3 Things to Avoid While Writing

Music that makes you want to bust a move. Okay, maybe this is obvious to everyone else except me but when I first began writing, I went to great lengths to prepare the most well pressed arrangement of songs to accompany my pencil strokes. Ranging from Kings of Leon to the song I just shazamed in the movie theatre last week. Before I knew it, my writing was null and I found myself screaming “heyyyyyyyy, your sex is on fire,” over my headphones instead of actually writing. So you know what else was on fire? This project that is going nowhere because I am distracted by the mesmerizing voices of Caleb Followill.

My fix: I think playlists have the potential to be great. It is just a matter of what you stack them with. Find music that tunes out your surroundings enough but not too much that makes you want to sing along. Maybe pick an artist you like but don’t necessarily love or songs without any lyircs at all. My preference is Radiohead. Mainly because I like their sound but can never understand a word they say, so the desire to sing along or get lost in the words isn’t there.

Caffeine overload. Another rookie mistake on my part. This can be a challenge, especially because I do most of my writing in cafes or places that specialize in well, caffeine induced beverages. Sometimes I am not in the mood to write. Plain and simple. I used to think the fix is to load up on coffee. And then a few cups in, my vision is bouncing from wall, computer screen, back to the wall. There is a fine line between grabbing a coffee while you write and binging. You’ll know you’ve crossed the line when it begins to blur, and your eyes can’t even focus on it.

My fix: Say it with me now. Decaf. Call me crazy but I think a cup of coffee (or tea) alongside a writer can be used for pure comfort. For me, it completely is. Maybe you need that steaming cup o’ joe to set your ambiance, or maybe it’s all in your head. Either way, too much caffeine is a bad thing.

Taking breaks in the same spot you write. Deadly. This makes it hard to tell the difference between “work mode” and “play mode.” In this day in age, it’s easy to “step away” from writing without actually even taking a step at all. Say you are sitting at your computer and decide it’s time for a break. To free yourself it really only requires you to minimize your document and open up Safari. Or grab your phone and escape in another way.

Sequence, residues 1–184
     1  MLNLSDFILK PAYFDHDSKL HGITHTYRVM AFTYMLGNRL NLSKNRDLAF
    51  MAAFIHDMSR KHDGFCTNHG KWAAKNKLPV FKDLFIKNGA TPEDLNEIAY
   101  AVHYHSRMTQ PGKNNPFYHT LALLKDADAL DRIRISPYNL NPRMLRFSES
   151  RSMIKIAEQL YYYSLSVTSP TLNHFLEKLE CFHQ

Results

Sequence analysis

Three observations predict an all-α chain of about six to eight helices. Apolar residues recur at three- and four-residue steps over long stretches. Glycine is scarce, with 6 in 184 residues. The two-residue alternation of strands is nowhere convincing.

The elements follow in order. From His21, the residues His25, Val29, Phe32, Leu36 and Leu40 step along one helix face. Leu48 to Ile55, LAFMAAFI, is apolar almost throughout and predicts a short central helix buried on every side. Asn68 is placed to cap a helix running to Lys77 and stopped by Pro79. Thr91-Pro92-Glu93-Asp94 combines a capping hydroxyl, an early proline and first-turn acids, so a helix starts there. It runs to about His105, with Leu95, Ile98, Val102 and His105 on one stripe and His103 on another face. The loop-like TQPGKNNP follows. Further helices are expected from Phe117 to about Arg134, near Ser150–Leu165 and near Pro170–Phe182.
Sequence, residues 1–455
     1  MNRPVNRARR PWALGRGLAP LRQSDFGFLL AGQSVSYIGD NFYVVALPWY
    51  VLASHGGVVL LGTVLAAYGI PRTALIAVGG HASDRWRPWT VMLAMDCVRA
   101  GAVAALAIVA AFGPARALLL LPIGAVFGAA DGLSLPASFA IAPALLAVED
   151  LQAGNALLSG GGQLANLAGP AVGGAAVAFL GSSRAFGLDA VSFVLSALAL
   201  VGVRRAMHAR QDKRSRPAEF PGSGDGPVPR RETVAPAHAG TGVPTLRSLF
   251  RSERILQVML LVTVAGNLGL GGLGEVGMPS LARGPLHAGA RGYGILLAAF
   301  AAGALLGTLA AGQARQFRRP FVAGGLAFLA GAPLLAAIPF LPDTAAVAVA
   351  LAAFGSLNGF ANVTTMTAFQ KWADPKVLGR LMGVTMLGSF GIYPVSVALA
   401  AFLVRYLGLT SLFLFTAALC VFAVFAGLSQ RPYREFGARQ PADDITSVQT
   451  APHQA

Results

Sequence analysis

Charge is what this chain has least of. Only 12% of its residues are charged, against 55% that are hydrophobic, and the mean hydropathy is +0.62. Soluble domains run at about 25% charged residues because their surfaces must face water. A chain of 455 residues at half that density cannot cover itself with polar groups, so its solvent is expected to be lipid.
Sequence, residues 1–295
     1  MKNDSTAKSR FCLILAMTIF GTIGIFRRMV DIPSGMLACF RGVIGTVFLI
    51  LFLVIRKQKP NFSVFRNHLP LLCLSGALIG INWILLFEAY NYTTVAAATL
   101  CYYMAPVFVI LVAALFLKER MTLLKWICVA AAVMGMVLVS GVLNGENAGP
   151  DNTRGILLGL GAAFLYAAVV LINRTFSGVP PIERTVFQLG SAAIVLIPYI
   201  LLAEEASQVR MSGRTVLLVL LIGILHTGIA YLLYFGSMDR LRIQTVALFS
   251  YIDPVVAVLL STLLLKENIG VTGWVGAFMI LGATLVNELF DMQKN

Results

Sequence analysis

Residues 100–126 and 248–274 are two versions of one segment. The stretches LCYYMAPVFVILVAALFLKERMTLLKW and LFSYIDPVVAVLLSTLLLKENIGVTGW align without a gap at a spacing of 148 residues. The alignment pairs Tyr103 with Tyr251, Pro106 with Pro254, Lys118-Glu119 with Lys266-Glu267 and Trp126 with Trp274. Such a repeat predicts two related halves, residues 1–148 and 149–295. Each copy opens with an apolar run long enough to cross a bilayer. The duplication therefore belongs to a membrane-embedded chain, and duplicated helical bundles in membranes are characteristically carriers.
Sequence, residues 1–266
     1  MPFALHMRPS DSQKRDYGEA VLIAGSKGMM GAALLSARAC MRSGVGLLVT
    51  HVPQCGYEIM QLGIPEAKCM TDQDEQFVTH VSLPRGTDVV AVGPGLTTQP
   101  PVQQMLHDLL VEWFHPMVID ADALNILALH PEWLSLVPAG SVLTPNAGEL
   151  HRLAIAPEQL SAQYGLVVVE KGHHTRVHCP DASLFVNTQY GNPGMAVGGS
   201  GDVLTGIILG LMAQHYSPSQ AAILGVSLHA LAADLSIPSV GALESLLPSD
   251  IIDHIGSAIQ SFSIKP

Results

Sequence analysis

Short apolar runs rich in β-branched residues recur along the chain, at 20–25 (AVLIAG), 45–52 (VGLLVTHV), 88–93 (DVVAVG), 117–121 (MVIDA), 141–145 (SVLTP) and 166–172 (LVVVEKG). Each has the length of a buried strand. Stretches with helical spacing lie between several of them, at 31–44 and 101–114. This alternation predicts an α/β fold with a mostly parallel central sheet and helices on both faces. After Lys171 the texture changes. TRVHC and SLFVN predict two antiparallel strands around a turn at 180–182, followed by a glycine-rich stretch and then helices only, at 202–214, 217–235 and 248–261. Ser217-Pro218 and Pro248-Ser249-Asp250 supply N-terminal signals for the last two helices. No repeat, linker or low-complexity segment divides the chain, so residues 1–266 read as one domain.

My fix: Separate your work space from your break space, even if it means going into another room or stepping outside to browse the internet from your computer. Breaks are needed. What isn’t needed is taking them in the same exact spot that you write. Employers have break rooms for a reason. And writing is work.

Categorizing your novel

This is the way I see it:

See this brownie? The one I just baked in the kitchen and pulled from the oven? Describe this brownie. To me, it is delicious, fresh, warm, homemade, fatty, brown, gooey, moist. But no. This brownie can only be one of those things.

So if I had to pick just one word to describe it. I’ll say this brownie is warm. Yes, definitely warm. But it’s also delicious, oh yes, very delicious. Okay, so maybe it is warm with a heavy influence of deliciousness. Yes that works. But crap. It’s also very bad for me. MY POINT (because I do have one) is this: How can my novel just be one thing? Much like trying to categorize your novel, although much less tasty, I find this process tiring. Should your genre be determined BEFORE writing your novel? Or is this typically something that is determined once your novel is complete? Determining a genre beforehand might help keep you on a certain track, but I really don’t think you know what your novel is until its complete. Is there an answer to this?

Currently I am writing a young adult fiction novel that I would classify as a romance novel. But I am not happy with that. The genre, to me, is more than just romance, not to mention does not exactly fit into the category like a glove. It is a thriller with touches of science fiction. So when writing a query letter, the description “my romance, thriller, YA fiction novel” doesn’t really work. Of course I am exaggerating but as a first time writer, I want to know, is having a problem classifying your book a GOOD thing, BAD thing, or completely irrelevant? Is there some secret trick to help categorize a novel that doesn’t perfectly fit?

I have been going back and forth, flip flopping between genres. Also, I’m really craving brownies.